China Business Knowledge @ CUHK Luncheon Series: Understanding China’s Institutions and the Role of Government in the Business World

By China Business Knowledge @ CUHK 

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“Institutions of a country, whether explicit or implicit, matter for its economic development. However, how the institutions shape the behavior of market participants are hard to be tracked,” said Prof. Zhang Tianyu, Professor of School of Accountancy and Director of Centre for Institutions and Governance at the CUHK Business School, during the fifth talk of China Business Knowledge @ CUHK Luncheon Series on April 19, 2018.

Themed “Understanding China’s Institutions and the Role of Government in the Business World,” Prof. Zhang shared with the audience his recent research on the role of institutional knowledge in enhancing the information advantage of local financial analysts in China.

“Institutions are important to a country's development,” he said. “A lot of people in China know this: To succeed in China, entrepreneurs need to understand and cooperate with politics.” 

For the purpose of his research, Prof. Zhang and his team has developed a mega political data platform by collecting a huge amount of data from the Chinese media and social network, as well as close to 200,000 analyst reports and annual reports from Chinese firms.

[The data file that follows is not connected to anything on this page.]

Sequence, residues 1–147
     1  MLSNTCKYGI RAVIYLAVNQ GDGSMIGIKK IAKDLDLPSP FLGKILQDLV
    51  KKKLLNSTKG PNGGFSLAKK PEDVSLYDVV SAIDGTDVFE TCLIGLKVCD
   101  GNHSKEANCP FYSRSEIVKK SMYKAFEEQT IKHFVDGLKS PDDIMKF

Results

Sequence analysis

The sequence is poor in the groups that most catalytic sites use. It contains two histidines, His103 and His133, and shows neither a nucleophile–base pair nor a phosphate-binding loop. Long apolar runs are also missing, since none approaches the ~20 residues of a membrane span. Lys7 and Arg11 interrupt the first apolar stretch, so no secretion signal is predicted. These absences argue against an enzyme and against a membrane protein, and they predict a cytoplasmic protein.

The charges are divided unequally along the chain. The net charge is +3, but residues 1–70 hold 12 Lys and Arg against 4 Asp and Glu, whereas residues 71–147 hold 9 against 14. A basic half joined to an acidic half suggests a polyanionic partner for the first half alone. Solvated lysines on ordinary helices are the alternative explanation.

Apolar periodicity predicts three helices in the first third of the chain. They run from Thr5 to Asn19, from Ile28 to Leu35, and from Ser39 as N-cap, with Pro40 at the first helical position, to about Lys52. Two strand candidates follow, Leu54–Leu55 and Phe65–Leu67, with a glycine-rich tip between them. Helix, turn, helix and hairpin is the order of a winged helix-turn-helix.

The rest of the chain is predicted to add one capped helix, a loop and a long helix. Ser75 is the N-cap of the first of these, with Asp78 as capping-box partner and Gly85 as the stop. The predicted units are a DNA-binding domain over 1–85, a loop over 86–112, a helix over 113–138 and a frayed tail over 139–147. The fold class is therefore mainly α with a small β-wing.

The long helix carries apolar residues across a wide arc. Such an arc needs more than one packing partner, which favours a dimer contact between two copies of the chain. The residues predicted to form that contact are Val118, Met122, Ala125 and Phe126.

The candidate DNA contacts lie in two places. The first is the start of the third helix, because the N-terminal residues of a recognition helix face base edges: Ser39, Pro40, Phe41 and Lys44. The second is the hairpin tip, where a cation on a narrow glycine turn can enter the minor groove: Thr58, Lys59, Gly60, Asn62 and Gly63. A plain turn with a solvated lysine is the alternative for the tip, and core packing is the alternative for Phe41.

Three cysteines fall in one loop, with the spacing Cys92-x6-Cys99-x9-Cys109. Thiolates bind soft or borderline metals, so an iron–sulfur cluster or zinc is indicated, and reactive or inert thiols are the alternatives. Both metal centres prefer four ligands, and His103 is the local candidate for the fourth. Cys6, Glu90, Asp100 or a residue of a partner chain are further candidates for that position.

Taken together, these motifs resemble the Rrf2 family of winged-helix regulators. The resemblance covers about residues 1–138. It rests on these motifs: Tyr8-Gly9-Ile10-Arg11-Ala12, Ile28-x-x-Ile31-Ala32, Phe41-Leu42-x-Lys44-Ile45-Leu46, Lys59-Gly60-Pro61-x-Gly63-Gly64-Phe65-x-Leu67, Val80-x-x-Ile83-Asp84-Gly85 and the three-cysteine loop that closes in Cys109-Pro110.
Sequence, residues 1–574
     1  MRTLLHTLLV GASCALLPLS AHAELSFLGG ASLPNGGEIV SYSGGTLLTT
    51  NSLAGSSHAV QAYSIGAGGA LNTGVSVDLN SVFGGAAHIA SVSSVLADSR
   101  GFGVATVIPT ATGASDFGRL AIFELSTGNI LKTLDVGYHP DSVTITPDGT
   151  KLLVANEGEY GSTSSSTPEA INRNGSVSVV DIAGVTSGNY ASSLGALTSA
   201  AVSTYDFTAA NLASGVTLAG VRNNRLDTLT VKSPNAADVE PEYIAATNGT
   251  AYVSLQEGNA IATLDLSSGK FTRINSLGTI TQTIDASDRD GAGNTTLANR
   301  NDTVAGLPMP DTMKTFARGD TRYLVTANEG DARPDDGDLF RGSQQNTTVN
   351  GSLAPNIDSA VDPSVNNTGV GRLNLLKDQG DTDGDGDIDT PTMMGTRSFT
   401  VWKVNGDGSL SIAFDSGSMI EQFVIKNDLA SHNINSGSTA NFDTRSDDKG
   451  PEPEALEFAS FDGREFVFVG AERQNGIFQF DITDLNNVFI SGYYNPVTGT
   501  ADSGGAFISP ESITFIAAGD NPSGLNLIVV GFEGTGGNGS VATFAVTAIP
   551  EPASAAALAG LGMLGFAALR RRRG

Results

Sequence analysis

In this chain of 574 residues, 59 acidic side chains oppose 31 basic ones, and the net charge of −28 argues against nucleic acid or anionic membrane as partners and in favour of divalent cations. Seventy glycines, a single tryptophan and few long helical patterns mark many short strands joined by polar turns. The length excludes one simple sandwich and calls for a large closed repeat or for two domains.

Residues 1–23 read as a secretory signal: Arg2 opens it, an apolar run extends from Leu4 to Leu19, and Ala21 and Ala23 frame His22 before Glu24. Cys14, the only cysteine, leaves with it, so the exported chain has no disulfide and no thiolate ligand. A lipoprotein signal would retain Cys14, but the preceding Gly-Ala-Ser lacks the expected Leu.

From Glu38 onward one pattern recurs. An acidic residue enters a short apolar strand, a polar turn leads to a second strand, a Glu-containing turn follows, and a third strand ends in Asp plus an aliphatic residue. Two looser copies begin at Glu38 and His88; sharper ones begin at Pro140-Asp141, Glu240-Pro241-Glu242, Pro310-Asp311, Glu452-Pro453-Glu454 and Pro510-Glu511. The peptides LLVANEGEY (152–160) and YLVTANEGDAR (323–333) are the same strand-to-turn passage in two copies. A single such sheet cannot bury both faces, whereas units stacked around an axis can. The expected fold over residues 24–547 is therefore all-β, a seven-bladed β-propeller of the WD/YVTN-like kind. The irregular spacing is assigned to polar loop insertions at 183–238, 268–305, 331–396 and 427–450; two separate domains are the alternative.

Using an advanced computer program, the data is generated and categorized into two broad topics: political (e.g. government’s economic planning) and financial (e.g. profit and loss). 

Through running textual analysis on this data, he then compared the performances between foreign firms and local firms in China and found that local analysts have better understanding of the political landscape over foreign firms, and this information advantage have allowed them to perform better in market forecasts. 

“These local analysts put more effort in covering the firms from a political perspective are shown to exhibit significantly higher forecast accuracy over the earnings of their target firms,” he said. 

However, this kind of political information is very unique and costly to acquire, he said.

“How well do you know the politicians? How do you interpret their behaviour? This knowledge is more likely to be obtained through private networks and based on real connections – you need to know someone and also who has influence in which policy,” he said.

Cultural and communication barriers also make it harder for foreign analysts to gain the same level same level of trust, and that's why “politicians have more trust in local analysts than in foreign analysts,” he said.

His textual analysis enables him to further gain insights into the "political communities" or "factions’ with which firms are affiliated, and reveal evidence showing how coordination or competition among politicians under the Chinese political hierarchy has spilled over to the affiliated firms.

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Following Prof. Zhang’s sharing, CUHK Alumnus Mr. Albert Ng, Chairman, China and Managing Partner, Greater China of EY, shared his valuable insights on the role of government and policies from the perspective of a seasoned business practitioner and leader in the industry.